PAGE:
TUNICA — Today, the Tunica Convention & Visitors Bureau will launch its 10-year anniversary promotion campaign at a press conference coinciding with the annual Governor’s Conference on Tourism.
“Tunica County, once labeled ‘America’s Ethiopia,’ has been transformed in the last decade and we want to celebrate our progress,” said Webster Franklin, executive director of the Tunica CVB.
The statistics are astonishing: In 1992, Tunica County had revenues of $3.5 million. Today, the county budget is $80 million. In January 1992, Tunica County, with a population of approximately 8,000, had an unemployment rate of 26.2%. The per capita income was $11,875 and the food stamp distribution payments were $259,551. In November 2001, the unemployment rate for Tunica County was 5%, slightly lower than the state average of 5.2%. By 1999, the per capita income had increased to $20,203. Since 1992, the number of Total Assistance to Needy Families (TANF) recipients plunged 90%, and current food stamp payments of $77,145 reflect a 70% reduction.
“There are two sides of the Tunica story we want to share — the economic development success with the creation of 16,000 jobs and developments totaling more than $3 billion, and the human element,” Franklin said. “The 16,000 jobs created have transformed the lives of people who have lived in Tunica County since it was the poorest county in the nation in the 1980s to the third largest gaming destination in the U.S. Our 10-year celebration showcases our achievements and will hopefully create more interest in our corner of the Mississippi Delta.”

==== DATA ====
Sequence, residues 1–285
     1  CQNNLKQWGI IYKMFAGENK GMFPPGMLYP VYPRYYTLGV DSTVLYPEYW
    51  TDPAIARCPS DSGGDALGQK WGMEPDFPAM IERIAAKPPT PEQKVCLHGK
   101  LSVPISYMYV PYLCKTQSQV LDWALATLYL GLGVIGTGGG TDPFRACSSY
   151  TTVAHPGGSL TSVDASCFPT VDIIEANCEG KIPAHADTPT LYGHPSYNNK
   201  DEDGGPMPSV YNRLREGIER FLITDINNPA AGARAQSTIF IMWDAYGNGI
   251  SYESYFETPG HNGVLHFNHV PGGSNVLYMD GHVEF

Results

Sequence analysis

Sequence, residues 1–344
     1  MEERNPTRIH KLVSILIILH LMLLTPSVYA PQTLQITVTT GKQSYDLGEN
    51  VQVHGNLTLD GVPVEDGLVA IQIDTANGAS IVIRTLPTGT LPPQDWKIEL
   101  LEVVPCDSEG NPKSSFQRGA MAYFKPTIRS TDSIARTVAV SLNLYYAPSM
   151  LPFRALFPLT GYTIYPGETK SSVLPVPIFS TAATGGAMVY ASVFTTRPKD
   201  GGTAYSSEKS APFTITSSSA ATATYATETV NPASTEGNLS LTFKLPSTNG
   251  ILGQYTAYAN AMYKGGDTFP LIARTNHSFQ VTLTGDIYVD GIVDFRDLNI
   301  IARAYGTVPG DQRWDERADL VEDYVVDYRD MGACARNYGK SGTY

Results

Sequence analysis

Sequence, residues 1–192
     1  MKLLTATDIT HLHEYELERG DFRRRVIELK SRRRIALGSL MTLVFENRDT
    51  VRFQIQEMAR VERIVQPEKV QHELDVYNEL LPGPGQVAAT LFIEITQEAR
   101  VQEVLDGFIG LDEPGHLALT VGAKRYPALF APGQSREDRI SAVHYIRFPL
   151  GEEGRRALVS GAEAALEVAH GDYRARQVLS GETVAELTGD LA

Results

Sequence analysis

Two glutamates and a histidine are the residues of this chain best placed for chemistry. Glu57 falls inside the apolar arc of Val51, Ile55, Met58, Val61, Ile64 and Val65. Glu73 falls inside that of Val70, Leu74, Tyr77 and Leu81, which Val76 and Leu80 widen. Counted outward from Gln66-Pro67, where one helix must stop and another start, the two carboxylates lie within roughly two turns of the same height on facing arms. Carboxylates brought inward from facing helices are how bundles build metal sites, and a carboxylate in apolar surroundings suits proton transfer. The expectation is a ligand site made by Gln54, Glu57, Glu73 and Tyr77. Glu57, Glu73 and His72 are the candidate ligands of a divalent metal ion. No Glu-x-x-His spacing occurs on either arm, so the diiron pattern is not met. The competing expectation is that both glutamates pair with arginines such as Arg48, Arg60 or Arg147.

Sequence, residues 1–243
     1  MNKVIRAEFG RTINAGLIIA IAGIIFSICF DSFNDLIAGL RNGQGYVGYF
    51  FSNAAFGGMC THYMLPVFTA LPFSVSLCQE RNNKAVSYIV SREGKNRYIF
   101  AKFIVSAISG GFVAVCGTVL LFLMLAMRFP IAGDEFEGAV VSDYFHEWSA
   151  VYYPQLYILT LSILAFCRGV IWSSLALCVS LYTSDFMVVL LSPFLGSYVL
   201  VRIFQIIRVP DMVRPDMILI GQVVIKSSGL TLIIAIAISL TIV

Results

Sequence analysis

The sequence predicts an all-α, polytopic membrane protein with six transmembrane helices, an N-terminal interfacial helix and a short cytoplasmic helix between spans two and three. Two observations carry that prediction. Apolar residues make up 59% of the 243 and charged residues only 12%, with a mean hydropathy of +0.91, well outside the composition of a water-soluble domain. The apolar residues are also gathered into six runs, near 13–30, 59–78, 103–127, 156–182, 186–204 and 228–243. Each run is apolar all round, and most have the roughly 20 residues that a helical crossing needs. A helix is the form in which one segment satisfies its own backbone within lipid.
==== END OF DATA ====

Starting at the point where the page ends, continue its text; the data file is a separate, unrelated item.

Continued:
When Splash Casino opened at Mhoon Landing in Tunica in 1992, visitors routinely waited two to three hours and paid a $10 cover charge for entry to the gaming floor. Last year, more than 22,000 buses traveled to Tunica, making it the number one motor coach destination in the state.
“On Feb. 18, we’ll unveil our celebration, which will culminate on Oct. 19,” said Franklin. “It will begin with the Governor’s Conference on Tourism, being held in Tunica Feb. 17-20, and will continue with another big event May 15-17. To celebrate the Splash anniversary in October, we have some very special events planned for our ‘Big Bang.’”
A special edition of the Tunica Visitor’s Guide has been prepared for the 10-year anniversary, and print and TV advertising campaigns will incorporate the special logo, especially in Tunica’s key markets of St. Louis, Nashville, Oklahoma City and Little Rock. Tunica County’s 10 casino properties will include it in its promotions, like Fitzgerald’s annual St. Patrick’s Day celebration.
Key individuals that helped facilitate gaming in Tunica County will be honored at the Tunica Founders Banquet during the May 15-17 event, geared mainly at state legislators. At the banquet, the Tunica CVB will present the first annual tourism awards — Chairman’s, Volunteer Service, Heritage and Tunica County Hall of Fame. After an early morning breakfast on May 16, followed by a forum on gaming and tourism, attendees will tour the county, participate in a golf tournament or try their luck at Grand Casino Tunica’s sporting clay range before an evening cocktail reception.
“We want state lawmakers and leaders to see firsthand the impact gaming and tourism has had on Tunica County, and how Tunica County has contributed to the state’s revenues,” Franklin said.
Franklin, who was recently reelected president of the Mississippi Tourism Association, said tourism in Tunica County has increased 2% since 2001.